The New LATC, formerly the Los Angeles Theatre Center, has canceled its first subscription series. In its place, a "Spring on Spring" performance series will be offered on a non-subscription basis.
The four- to six-play subscription series, announced in October, was to begin in mid-April with productions by Culture Clash, Robey Theatre Company, Cedar Grove Productions and Latino Theatre Company, following the newly renovated downtown venue's inaugural "World Stage Festival" last fall.
Jose Luis Valenzuela, artistic director of Latino Theater Company, the center's new operating entity, said the festival drew audiences that were younger than expected and family-oriented. "We found that this community just doesn't want to subscribe," he said. "They want to buy one or two events or buy a pass and see whatever they want."
A new marketing staff will reach out to potential audiences through the Internet and other electronic media, he said.
The New LATC, in the historic Old Bank District on south Spring Street, encompasses the Latino Museum of History, Art and Culture; the UCLA School of Theatre, Film and Television; and resident groups Culture Clash, the Robey company, Cedar Grove, Playwrights Arena and American Indian Dance Theatre.
It is owned by the City of Los Angeles Department of Cultural Affairs and operated by the Latino Theater Company under a 20-year lease, a grant awarded in December 2005 after a lengthy wrangle over who was most qualified to run the venue. A $4-million state grant from the California Cultural and Historical Endowment Board for the center's renovation sealed the deal for Valenzuela's company. The center reopened in October.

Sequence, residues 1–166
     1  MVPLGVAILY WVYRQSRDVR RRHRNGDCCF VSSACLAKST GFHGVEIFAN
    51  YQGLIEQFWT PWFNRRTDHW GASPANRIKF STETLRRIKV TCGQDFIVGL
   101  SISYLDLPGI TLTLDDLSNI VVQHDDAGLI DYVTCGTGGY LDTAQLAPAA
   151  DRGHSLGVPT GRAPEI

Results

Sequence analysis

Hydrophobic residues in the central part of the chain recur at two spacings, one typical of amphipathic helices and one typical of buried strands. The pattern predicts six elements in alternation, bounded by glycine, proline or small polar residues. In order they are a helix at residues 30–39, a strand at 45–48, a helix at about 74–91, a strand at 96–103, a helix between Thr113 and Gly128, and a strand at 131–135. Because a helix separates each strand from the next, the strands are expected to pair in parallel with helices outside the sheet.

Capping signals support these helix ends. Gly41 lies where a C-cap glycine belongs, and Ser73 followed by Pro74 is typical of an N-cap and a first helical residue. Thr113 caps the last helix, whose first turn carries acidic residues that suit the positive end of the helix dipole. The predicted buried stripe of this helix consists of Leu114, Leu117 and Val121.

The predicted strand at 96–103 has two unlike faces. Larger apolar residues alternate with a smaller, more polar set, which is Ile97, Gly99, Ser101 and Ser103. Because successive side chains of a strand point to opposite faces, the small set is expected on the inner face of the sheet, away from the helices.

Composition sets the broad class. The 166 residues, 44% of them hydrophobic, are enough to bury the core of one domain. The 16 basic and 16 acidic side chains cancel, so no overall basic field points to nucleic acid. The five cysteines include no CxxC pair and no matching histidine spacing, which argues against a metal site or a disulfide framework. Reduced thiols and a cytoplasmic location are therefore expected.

When asked about reported staff cuts, Valenzuela said only that the hiring of hourly employees is and will be seasonal, depending on the volume of activity at the center. Rental productions anticipated to keep staff busy during the company's planned down time for the first three months of this year didn't materialize, he said.
The spring series will include the Latino Theater Company's "Solitude" as well as a new play by Luis Avalos, concerts, conversations with artists "and a bunch of community events," Valenzuela said.
The Robey's "A House With No Walls" by Thomas Gibbons ("Permanent Collection") will not be part of the low-cost series, but will open in mid-May as previously planned, artistic director Ben Guillory said.
"Cantinflas," a play by Culture Clash's Herbert Siguenza, had been slated for the subscription series, but will now take place in the fall, Siguenza said, because the group's show "Culture Clash in AmeriCCA" is opening at South Coast Repertory in March.